This argument predicts the existence of a hitherto unseen population of slow objects whose he- liocentric orbits are close to the Earth–Moon system. We make a rough estimate of the unseen popu- lation as follows. The best-fit sinusoid to the observational lunar crater asymmetry is consistent with an impactor population with average lunar impact velocity of 10–12 km/s (Morota & Furumoto, 2003). Consider an impactor population having a similar shape of the impact velocity distribution function as the simulated NEAs (Fig. 3a) but with ⟨vimp⟩ = 10–12 km/s rather than the ∼22 km/s that we found in our dynamical model based on the known NEAs. In such a population, the frac- tion of slow objects would be roughly 50% more than the fraction of slow objects in the currently known population of NEAs; here we define “slow” NEAs as those having potential lunar impact velocity < 12 km/s; such objects would be nearly coorbiting with Earth. In other words, our rough estimate of the actual slow NEA population is ∼ 50% more than the known slow NEAs.

                Neukom has lower numbers. Reference…

                G. Neukum et al, Crater Production and Cratering Chronology for Mercury, Mercury: Space Environment, Surface, and Interior, 2001 (8027.pdf)

                Thus in your referenced paper there could be observational bias of the NEA’s in the sample as well, as what we know about the number discovered so far is that we are no where near discovering a good fraction of them and the slower moving objects will be more difficult to identify. So I would not use your referenced paper as a definitive source ESPECIALLY as the community is counting on the existing numbers to get the number of objects that are slow enough in relation to the Moon and Earth to capture. Can’t have it both ways my friend.

                There are also a couple of problems in the Keck paper itself. There is no way that the solar array can be tiled 85 degrees off axis and still get 38 kw worth of power. Also, if they are only using TRL-6 hardware (from their requirements), they forgot to develop a set of slip rings and an actuator that can handle 25 kW power per wing. Their numbers for the wiring look low as well but that is a small factor.

                As I said 7.7 tons of propellant is a LOT of impulse. At $2.7 billion for a flight this is far more of a science experiment than a mission to make money.

                Even if that object has 500 grams/ton of platinum it is only worth $35m dollars at a 1,000 start mass.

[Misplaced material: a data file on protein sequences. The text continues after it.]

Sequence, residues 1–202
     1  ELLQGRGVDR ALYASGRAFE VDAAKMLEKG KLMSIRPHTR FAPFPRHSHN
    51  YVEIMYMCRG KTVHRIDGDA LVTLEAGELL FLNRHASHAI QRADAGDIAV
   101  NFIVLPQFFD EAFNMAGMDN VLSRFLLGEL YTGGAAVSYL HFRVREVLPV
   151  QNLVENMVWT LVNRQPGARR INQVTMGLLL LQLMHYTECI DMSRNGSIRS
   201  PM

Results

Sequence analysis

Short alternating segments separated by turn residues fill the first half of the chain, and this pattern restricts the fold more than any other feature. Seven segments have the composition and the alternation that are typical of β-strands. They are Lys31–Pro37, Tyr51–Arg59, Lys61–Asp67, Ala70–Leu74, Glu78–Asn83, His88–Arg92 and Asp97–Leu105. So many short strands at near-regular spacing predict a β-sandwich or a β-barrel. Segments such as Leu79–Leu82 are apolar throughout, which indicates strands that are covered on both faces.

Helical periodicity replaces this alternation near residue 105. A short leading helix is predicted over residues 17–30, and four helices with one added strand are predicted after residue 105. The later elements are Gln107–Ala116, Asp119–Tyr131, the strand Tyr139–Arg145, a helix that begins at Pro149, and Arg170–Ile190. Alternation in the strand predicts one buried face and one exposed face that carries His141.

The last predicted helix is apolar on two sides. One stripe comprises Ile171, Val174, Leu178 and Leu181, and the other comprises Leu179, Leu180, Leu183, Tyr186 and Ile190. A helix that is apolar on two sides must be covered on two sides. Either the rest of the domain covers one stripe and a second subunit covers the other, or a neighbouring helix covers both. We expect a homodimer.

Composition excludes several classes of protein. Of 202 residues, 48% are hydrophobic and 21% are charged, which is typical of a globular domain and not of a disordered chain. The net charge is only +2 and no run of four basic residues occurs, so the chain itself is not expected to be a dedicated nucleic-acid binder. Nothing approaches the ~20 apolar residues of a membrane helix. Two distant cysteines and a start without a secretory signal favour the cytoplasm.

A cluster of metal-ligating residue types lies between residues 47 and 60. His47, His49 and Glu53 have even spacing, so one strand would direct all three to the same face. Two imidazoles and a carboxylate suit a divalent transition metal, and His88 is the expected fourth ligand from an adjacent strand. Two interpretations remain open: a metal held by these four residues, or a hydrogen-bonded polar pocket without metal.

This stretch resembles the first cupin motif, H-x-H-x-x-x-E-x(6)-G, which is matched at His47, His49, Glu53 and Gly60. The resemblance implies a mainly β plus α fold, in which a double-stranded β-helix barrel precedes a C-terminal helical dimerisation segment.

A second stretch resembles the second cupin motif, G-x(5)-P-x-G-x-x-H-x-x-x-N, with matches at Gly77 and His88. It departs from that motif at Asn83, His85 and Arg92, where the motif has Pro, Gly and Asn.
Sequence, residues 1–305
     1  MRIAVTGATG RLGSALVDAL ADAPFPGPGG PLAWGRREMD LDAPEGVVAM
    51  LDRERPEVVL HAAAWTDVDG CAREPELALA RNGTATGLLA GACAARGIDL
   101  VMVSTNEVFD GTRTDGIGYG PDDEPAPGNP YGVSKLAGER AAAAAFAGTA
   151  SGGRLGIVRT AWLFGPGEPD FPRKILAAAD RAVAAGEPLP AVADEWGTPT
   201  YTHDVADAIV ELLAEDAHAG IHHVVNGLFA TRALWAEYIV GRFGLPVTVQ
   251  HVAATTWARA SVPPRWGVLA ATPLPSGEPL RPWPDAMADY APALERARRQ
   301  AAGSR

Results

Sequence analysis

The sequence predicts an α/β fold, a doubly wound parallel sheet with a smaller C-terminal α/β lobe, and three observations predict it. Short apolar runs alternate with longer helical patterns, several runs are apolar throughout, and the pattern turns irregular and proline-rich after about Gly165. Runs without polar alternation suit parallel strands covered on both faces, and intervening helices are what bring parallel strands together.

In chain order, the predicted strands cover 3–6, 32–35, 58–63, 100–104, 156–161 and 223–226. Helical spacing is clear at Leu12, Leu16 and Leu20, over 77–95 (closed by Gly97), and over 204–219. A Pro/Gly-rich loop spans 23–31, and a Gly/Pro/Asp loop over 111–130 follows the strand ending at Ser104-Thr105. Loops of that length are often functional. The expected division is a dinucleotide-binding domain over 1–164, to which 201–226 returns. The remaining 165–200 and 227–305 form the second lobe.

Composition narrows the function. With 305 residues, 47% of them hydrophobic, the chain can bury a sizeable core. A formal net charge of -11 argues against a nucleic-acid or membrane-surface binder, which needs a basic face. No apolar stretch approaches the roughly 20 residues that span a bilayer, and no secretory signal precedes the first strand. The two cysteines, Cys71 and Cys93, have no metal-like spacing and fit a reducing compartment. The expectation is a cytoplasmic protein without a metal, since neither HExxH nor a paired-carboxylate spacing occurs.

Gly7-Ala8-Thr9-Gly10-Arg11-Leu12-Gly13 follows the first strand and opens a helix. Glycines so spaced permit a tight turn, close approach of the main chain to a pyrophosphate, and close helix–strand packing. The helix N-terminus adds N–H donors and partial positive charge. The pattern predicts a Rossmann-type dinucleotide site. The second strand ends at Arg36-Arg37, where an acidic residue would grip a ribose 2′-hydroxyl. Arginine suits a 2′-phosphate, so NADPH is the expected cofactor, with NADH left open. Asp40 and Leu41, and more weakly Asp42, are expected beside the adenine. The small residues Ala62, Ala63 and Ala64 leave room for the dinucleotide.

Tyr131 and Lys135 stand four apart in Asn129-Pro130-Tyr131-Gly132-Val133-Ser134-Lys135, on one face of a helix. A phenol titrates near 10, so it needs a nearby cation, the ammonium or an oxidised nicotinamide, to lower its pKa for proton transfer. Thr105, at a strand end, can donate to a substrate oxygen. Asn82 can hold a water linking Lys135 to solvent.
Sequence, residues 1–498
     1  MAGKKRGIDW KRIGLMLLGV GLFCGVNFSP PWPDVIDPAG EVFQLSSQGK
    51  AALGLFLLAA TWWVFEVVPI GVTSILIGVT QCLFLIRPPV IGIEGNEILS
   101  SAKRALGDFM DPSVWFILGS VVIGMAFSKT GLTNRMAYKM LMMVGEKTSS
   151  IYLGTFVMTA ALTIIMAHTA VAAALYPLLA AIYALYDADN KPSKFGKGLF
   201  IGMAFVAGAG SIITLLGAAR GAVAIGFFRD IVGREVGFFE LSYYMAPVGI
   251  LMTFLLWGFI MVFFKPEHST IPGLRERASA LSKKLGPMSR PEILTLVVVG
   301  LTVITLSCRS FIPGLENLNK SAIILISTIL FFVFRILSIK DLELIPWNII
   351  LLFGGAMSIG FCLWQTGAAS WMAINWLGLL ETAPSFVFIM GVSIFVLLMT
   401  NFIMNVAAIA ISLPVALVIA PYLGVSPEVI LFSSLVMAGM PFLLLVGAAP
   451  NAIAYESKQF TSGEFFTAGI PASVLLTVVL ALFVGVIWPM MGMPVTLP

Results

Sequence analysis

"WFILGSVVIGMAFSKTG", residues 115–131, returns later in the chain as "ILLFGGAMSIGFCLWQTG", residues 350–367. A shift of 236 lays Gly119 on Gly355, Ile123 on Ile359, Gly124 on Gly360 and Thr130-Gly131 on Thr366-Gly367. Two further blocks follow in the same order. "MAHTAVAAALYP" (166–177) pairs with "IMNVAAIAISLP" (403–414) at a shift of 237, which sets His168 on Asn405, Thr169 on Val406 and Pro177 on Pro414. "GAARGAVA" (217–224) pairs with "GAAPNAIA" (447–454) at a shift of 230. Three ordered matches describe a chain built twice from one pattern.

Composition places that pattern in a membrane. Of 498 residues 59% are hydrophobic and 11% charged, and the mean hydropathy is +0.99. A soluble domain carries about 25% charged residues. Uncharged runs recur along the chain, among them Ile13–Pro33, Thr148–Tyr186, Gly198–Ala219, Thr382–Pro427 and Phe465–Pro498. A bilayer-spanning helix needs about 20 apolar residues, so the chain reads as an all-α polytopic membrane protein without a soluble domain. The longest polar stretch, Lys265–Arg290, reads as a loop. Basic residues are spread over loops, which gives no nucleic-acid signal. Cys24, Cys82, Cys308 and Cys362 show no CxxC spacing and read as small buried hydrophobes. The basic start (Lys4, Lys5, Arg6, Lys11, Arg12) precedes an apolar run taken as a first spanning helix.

I am a fan of asteroidal mining but to make claims like you are does not make sense.

      • Mordanicus says:

        The largest source of asteroidal material in Near Earth space is not the Moon, it are the Near Earth Asteroids. There are a few hundreds of them, and they are easier to reach than the Moon because the require a lower delta V and thus less energy. Only round trip time would be longer. You might see my post: http://republicoflagrangia.wordpress.com/2012/11/29/forget-the-moon-start-with-the-near-earth-asteroids/

        • denniswingo says:

          Your article is a series of assertions that does not take into account the full spectrum of systems engineering required to access and process these resources. For example.

          Not only are NEAs easier to reach, they also contain abroader spectrum of resources. If space colonists could use NEA resources,

          This is simply an incorrect statement. While as an aggregate there is a broader spectrum of resources from NEA’s, each NEA is highly likely to be extremely homogeneous with the exception of the rubble piles but small rubble piles don’t exist due to the lack of enough gravitational attraction to hold the rubble together. It is a fact of remote sensing and from the Apollo samples that there is a wide diversity of resources on the Moon.

          If you look at the dV to return these objects into near earth space within any reasonable time period you will find that they far exceed that of a lunar landing and take off. The Keck study had a return dV of .170 km/sec but it used over seven metric tons of Xenon and 6 years to do it. That hardly closes a business case.

          I am a 100% advocate of NEA mining but to assert that it is easier to do so ignores the reality of that object we see in the sky every night.